Canada Halts Imports From Supermax Over Forced-Labor Allegations
(Bloomberg) -- Canada has halted imports from Malaysian glove-maker Supermax Corp. weeks after a similar move from the U.S. amid allegations of forced-labor practices.
Canada barred additional deliveries from the company’s unit, Supermax Healthcare Canada, to the government until an audit report on the matter mandated by the firm is reviewed by authorities, Public Services and Procurement Canada said in a statement on Nov. 10. The audit report is expected by the middle of this month, according to the statement.
Shares of Supermax reversed early losses of as much as 3.8% to end the day at a one-week high, mirroring the gains in its rivals. Despite Monday’s gains, the key Malaysian glove makers such as Top Glove Corp., Hartalega Holdings Bhd. and Supermax, which are bellwethers for the industry, have more than halved in market value this year after being among the hottest trades during the pandemic in 2020.
The rising pace of vaccinations and allegations of labor abuse at some companies has weighed on the sector’s business outlook.
The Canadian authority said it “is aware of the steps taken recently by the U.S. Government against glove maker Supermax” and that the Malaysian firm had hired an independent firm last month to conduct a comprehensive audit of its operations in accordance with the indicators of forced labor of the International Labour Organization.
Supermax will speed up the process to meet the ILO standards, the company said in a late evening filing on Monday. The Canadian market represents about 9% of the group’s total market, the company said, adding it does not foresee any material impact on its operations from the import ban.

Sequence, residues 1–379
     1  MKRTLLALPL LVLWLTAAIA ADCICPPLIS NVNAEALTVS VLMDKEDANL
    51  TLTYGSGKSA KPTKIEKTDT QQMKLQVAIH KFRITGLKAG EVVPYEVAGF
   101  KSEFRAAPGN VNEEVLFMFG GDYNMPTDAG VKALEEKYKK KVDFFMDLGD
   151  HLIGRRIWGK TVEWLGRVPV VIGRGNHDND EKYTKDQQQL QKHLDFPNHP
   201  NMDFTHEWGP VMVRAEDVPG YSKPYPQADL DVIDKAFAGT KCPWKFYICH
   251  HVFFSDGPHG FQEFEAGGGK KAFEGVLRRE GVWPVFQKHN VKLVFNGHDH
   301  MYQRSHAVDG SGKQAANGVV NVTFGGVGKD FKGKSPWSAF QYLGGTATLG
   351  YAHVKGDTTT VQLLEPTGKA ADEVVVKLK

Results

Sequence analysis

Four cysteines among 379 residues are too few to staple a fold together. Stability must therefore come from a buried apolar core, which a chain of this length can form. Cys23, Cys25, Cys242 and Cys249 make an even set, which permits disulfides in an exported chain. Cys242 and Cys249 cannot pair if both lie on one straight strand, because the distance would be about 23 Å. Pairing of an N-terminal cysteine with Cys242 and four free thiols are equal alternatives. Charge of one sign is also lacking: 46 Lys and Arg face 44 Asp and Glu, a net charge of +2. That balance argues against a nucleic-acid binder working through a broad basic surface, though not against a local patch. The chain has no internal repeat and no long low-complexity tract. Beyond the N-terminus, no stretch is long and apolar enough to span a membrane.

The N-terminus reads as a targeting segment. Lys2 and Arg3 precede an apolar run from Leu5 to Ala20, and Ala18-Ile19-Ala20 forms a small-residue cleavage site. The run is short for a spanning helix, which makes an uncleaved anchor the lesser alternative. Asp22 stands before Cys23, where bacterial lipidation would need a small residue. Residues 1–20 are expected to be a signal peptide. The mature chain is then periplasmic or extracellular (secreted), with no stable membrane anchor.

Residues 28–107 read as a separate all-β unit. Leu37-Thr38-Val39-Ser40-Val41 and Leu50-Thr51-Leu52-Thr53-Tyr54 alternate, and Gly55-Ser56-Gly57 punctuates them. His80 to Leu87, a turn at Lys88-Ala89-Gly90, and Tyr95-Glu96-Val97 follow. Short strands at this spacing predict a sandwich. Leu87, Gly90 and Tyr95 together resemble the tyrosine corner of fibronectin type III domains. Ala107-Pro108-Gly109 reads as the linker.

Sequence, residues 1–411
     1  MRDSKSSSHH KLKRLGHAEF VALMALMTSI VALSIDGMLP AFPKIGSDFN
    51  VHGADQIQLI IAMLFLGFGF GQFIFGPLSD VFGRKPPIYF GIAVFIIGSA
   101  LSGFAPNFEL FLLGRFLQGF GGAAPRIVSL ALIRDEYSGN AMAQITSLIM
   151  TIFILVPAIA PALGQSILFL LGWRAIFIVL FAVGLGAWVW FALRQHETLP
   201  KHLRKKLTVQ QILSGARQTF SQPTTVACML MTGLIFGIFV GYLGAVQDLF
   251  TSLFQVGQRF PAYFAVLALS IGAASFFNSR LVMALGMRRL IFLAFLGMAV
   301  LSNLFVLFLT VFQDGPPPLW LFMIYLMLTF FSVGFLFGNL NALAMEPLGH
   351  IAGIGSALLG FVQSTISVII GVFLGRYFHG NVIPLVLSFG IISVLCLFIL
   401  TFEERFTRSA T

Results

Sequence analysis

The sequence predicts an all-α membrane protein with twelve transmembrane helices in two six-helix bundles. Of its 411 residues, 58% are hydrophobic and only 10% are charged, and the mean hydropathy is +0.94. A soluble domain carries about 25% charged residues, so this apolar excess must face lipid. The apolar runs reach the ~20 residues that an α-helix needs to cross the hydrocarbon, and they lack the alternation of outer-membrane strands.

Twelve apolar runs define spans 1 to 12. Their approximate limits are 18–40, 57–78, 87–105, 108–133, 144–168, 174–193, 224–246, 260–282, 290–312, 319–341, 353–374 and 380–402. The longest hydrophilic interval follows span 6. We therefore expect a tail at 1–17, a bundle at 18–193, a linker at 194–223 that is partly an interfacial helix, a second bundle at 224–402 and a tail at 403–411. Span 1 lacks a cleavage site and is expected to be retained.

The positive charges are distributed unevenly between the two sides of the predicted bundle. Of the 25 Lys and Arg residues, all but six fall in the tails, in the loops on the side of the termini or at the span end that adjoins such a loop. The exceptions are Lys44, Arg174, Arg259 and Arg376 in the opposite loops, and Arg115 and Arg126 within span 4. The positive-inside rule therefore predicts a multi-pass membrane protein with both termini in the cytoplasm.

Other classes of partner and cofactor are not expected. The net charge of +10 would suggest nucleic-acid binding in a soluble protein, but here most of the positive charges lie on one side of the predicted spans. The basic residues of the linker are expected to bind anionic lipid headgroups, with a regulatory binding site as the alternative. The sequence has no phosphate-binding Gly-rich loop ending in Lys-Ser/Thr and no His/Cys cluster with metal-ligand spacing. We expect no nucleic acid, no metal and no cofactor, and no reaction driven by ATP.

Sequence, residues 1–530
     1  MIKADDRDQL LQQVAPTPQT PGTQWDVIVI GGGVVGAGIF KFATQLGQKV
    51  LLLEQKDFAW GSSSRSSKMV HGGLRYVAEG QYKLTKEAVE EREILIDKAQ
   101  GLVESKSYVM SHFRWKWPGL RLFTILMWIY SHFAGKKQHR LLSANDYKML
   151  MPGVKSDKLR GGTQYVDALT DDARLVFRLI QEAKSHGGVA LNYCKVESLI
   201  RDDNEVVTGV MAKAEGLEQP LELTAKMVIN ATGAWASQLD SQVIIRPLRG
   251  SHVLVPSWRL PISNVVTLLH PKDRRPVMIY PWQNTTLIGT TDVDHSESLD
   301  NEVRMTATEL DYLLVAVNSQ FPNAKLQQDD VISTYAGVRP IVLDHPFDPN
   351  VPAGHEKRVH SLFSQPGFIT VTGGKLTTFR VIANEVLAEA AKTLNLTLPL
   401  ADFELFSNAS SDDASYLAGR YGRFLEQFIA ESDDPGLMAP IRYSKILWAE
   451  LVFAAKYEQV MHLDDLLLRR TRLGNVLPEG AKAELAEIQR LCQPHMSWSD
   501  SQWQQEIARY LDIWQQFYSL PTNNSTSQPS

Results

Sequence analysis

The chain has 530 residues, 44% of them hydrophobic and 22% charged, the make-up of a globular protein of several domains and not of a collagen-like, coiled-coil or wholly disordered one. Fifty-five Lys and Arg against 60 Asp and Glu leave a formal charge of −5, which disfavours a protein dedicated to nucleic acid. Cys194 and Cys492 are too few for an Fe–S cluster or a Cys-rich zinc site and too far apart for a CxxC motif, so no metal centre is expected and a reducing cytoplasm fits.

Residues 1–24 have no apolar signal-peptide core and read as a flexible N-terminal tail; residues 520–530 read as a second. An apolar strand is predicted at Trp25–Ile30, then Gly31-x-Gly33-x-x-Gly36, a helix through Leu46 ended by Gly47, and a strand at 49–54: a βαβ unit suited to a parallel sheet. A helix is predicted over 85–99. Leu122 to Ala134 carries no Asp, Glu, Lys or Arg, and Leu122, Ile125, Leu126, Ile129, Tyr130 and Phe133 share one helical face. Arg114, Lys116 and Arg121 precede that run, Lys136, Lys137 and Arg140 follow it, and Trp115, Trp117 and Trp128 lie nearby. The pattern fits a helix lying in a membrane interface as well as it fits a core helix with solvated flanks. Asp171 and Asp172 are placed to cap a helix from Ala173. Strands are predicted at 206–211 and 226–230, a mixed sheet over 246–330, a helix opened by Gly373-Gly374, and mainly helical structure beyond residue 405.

The U.S Customs and Border Protection ordered personnel at U.S. ports of entry in October to seize Supermax’s latex gloves based on information that “reasonably indicates” the use of forced labor. Supermax said at that time it had begun work on complying with the ILO standards since 2019, and that it would speed up the process.
Malaysian companies making everything from gloves to palm oil have grappled with intense scrutiny over poor labor practices. The U.S. customs previously banned imports from FGV Holdings Bhd. and Sime Darby Plantation Bhd., and last month allowed Top Glove Corp., the world’s largest rubber-glove maker, to resume shipments to the U.S. after a yearlong ban.
|More on Labor Concerns Over Malaysian Companies|
|Supermax Sinks on U.S Order to Seize Goods Over Forced Labor|
|Top Glove Shares Jump as It’s Allowed to Resume U.S. Sales|
|Top Glove Delays Hong Kong IPO by Few Months on U.S. Seizure|
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